When we do this, we do the conversation disservice. We cheapen that phrase “hate speech” by applying it to people who say things with which we disagree. Legitimate hurt gets lost in the midst of emotionally charged language.

We can acknowledge that there is a difference between hurtful words and hateful ones. We should acknowledge that.

But, what also gets lost in this is the actual hate speech that is going on, not with Dan Cathy, but with Chick-fil-A.

In 2010, the Supreme Court ruled that money is speech and is protected under the first amendment.

One thing that Chick-fil-A has done is to donate corporate funds (not Dan Cathy’s private money that he earned from his job, but rather money from the corporation itself) to a hate group.

In 2010, Chick-fil-A made a small donation ($1000) to Family Research Council. Family Research Council (FRC) has been designated a hate group by the Southern Poverty Law Center.

A hate group. Like the Ku Klux Klan or White Aryan Resistance. 

The folks at FRC engage in hate speech. For example:

  • “One of the primary goals of the homosexual rights movement is to abolish all age of consent laws and to eventually recognize pedophiles as the ‘prophets’ of a new sexual order.”
    -1999 FRC pamphlet, Homosexual Activists Work to Normalize Sex with Boys
  • “Now, back in the 80′s and early 90′s I worked with the state department in anti-terrorism and we trained about fifty different countries in defending against terrorism, and it’s, at its base, what terrorism is, it’s a strike against the general populace simply to spread fear and intimidation so that they can disrupt and destabilize the system of government. That’s what the homosexuals are doing here to the legal system.” -FRC President Tony Perkins, Washington Watch, April 2011
  • “While activists like to claim that pedophilia is a completely distinct orientation from homosexuality, evidence shows a disproportionate overlap between the two. … It is a homosexual problem.”
    -FRC President Tony Perkins, FRC website, 2010

They lie about the LGBT community and they spread hatred. Not mere disagreement, but actual hatred.

This is a group that Chick-fil-A, the company, not Dan Cathy the person, has supported financially.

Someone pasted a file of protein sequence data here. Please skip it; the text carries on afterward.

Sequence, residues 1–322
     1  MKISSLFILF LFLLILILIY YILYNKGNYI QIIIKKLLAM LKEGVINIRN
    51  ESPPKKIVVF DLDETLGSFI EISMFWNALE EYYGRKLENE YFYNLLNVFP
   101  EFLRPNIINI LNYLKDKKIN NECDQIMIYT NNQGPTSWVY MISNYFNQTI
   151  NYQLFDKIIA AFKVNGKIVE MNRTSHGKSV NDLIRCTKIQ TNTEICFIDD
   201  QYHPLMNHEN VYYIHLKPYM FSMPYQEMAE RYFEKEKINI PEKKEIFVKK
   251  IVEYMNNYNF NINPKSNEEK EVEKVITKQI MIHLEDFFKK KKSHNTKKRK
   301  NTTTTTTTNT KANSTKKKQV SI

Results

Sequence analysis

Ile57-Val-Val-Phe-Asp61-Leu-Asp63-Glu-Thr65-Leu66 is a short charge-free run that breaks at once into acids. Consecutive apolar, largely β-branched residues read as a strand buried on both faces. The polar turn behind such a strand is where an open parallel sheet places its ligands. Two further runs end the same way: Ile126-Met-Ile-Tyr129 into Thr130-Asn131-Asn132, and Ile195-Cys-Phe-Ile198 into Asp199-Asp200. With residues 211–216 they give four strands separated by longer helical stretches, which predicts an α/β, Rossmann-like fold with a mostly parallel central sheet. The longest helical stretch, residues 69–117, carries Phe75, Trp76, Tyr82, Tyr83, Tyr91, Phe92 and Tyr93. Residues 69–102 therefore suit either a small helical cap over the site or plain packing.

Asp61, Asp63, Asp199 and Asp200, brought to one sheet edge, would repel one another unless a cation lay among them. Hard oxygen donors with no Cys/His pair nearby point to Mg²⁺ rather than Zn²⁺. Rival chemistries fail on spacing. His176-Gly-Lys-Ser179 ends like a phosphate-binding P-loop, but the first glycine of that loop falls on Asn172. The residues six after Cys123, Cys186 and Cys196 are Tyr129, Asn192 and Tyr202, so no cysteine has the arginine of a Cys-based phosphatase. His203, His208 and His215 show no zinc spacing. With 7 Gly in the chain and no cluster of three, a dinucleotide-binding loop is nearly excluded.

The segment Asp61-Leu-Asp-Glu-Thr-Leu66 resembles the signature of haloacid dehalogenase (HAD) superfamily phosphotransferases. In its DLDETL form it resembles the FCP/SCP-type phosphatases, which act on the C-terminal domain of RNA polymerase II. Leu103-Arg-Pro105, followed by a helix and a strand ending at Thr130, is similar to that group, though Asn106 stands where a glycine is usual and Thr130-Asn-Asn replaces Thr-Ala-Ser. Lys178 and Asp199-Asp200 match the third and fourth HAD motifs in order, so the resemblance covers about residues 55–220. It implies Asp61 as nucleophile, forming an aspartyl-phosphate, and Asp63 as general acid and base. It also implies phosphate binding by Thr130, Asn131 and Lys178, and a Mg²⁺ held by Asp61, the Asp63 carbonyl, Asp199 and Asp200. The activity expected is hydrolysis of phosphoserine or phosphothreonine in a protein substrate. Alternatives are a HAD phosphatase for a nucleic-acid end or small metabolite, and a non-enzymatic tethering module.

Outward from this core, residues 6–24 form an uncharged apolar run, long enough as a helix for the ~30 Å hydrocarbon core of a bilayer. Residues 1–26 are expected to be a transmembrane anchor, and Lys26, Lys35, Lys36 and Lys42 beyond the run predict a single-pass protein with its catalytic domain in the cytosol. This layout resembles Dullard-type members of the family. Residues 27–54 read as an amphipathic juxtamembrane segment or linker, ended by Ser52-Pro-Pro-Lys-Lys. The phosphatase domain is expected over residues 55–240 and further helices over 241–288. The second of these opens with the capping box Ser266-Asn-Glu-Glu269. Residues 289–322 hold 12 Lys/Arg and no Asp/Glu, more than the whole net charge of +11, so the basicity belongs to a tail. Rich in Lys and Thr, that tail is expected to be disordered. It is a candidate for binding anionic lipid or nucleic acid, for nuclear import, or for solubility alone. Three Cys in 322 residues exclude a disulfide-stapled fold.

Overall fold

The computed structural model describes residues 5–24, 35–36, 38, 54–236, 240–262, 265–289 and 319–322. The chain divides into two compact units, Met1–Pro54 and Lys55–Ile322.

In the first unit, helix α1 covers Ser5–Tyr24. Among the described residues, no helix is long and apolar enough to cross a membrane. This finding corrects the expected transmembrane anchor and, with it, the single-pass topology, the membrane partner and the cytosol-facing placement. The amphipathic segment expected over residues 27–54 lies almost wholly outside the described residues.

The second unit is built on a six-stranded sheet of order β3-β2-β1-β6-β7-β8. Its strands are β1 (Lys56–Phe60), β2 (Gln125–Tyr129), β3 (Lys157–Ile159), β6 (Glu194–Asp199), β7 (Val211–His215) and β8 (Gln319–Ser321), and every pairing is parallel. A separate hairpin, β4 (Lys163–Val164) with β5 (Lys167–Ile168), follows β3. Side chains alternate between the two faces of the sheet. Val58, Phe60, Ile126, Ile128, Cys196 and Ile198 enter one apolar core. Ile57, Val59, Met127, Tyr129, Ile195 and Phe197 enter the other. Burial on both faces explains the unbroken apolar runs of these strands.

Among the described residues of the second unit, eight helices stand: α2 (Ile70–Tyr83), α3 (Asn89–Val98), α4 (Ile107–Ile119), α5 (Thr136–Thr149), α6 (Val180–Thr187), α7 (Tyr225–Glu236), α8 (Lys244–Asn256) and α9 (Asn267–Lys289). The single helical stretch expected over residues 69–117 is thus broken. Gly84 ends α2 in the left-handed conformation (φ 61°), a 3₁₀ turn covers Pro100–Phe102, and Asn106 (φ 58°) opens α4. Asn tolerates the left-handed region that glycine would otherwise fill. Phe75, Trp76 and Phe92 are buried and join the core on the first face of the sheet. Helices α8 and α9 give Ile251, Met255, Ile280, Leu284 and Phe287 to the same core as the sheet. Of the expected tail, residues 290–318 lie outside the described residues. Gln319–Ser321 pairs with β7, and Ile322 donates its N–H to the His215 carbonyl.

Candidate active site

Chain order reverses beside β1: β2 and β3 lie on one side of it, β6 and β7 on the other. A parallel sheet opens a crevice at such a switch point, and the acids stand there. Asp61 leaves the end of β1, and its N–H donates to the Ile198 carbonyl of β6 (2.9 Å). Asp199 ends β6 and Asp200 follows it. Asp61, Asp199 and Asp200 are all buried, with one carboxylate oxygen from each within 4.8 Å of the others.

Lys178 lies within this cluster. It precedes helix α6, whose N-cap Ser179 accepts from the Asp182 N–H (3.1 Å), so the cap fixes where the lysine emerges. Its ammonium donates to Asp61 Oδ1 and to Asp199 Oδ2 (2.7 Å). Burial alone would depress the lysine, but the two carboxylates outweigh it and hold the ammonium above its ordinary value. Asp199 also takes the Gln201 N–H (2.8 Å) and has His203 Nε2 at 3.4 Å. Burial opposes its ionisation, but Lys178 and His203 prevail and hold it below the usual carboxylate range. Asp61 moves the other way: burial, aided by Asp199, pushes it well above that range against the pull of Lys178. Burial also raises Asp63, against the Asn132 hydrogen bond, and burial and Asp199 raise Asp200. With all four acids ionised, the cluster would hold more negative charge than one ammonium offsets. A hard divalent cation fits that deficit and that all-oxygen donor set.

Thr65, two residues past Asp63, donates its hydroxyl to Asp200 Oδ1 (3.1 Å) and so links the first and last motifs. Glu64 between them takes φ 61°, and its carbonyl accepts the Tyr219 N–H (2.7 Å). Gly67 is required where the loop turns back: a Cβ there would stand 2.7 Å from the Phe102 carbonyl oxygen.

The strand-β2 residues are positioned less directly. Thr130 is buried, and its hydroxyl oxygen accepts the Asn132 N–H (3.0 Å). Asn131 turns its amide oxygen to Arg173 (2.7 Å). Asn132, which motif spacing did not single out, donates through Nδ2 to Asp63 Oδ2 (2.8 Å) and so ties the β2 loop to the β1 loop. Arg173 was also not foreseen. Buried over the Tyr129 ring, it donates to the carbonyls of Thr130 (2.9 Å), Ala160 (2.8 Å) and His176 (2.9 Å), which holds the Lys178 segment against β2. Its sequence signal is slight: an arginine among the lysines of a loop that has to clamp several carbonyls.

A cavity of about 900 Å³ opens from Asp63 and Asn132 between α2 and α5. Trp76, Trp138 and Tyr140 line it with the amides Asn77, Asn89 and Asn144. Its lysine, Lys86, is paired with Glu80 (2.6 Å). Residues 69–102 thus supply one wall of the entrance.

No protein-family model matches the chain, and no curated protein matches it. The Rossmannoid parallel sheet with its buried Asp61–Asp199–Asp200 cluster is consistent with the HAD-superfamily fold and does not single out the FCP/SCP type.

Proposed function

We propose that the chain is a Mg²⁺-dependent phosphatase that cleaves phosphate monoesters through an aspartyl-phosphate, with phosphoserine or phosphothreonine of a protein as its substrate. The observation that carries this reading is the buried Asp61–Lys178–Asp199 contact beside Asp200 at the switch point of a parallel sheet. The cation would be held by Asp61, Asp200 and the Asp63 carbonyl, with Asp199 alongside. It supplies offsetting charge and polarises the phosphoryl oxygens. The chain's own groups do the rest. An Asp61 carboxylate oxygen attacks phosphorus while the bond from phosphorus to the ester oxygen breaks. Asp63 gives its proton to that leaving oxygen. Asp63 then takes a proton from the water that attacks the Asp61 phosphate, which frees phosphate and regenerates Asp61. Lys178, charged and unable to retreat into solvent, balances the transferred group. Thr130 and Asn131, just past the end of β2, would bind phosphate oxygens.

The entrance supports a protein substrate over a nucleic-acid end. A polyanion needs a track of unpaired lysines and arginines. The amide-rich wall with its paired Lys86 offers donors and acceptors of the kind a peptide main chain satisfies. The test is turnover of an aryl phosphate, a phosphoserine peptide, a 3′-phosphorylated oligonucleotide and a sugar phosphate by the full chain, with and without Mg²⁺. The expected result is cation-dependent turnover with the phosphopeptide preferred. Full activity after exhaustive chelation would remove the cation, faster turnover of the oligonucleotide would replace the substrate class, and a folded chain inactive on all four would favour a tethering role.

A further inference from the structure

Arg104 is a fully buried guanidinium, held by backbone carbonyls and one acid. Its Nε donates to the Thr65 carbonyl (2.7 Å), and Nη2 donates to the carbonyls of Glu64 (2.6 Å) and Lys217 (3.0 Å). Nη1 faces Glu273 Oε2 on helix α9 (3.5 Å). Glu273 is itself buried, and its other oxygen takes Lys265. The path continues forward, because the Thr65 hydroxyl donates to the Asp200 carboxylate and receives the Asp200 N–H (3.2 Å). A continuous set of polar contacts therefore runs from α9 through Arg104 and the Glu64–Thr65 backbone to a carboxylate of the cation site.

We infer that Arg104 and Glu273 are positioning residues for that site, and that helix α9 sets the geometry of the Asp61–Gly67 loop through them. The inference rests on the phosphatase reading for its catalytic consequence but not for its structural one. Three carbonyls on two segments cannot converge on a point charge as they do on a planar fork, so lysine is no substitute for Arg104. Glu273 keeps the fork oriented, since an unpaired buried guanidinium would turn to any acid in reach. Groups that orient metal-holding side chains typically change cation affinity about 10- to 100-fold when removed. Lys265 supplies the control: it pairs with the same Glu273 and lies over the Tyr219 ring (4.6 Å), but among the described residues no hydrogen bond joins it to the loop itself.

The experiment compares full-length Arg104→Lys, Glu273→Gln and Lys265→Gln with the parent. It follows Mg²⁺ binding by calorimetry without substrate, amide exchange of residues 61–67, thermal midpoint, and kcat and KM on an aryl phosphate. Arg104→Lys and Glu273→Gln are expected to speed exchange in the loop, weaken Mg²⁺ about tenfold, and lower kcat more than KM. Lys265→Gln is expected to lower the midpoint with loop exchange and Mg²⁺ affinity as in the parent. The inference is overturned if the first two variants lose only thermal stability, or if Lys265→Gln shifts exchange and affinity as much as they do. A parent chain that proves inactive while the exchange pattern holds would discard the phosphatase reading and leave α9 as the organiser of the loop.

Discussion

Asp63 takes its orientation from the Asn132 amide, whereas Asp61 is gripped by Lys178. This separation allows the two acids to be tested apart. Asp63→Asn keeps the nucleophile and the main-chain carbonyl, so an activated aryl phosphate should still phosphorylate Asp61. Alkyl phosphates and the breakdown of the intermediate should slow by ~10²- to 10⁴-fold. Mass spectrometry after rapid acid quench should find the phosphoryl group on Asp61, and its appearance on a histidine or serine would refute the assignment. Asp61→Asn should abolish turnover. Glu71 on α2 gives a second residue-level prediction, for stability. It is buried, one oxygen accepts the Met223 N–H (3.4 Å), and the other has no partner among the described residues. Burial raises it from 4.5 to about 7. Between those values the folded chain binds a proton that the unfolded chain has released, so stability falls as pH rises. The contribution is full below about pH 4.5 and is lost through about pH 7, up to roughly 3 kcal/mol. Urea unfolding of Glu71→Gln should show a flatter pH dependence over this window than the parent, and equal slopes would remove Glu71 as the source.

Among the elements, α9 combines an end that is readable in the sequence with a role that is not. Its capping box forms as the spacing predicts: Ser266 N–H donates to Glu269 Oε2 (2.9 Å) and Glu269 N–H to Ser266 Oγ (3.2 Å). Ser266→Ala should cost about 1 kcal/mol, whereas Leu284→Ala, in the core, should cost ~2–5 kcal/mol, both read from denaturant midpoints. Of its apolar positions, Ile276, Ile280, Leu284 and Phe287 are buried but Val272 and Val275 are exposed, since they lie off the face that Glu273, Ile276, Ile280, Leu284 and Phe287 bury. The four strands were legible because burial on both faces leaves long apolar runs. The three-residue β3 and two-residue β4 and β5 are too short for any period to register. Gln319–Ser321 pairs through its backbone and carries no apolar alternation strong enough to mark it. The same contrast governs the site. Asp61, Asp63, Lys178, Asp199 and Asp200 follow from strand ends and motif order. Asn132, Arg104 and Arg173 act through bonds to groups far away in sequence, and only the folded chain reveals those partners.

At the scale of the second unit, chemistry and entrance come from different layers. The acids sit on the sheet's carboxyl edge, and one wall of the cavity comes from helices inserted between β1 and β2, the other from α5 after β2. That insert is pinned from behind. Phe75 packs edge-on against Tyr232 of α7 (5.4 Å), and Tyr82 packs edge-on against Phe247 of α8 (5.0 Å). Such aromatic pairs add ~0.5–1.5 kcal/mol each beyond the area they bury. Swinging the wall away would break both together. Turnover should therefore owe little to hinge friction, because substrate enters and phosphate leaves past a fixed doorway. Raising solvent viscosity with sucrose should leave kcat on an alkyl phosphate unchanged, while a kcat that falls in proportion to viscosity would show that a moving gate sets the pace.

It is a small contribution. I understand that. In the grand scheme of things, $1000 is a puny amount. But if they donated $1000 to Westboro Baptist Church, I would be upset. If they donated $1000 to the KKK or the Aryan Nations, I would be upset. The amount is not the issue, it’s to whom the donation was made.

Money is speech and Chick-fil-A used money to promote hate.

This is why I, and many others, choose not to patronize Chick-fil-A. Not because we disagree with the owner’s views on marriage equality. Not because we believe that denying marriage rights means that you hate those to whom you are denying those rights. Not because we believe that Dan Cathy’s statements constitute hate speech.

But because Chick-fil-A has funded a hate group.

When people dismiss folks who have chosen to boycott Chick-fil-A for this reason, they perpetuate the idea that genuine hatred is acceptable when dealing with the LGBT community. Not because they actually believe that hatred is okay, but because they either mock those who acknowledge it, or they turn a blind eye to the hatred itself.

And this, like choosing to ascribe inflammatory language to mere disagreement, is hurtful. It causes pain and cuts off dialogue.

But I believe we can have a fruitful discussion.

I don’t think we’re going to agree. Not about whether or not to eat at Chick-fil-A. Not about marriage equality.

But we can ask for forgiveness when our words cause pain. We can acknowledge where there are genuine concerns. We can acknowledge ways to move forward together to stop actual damage.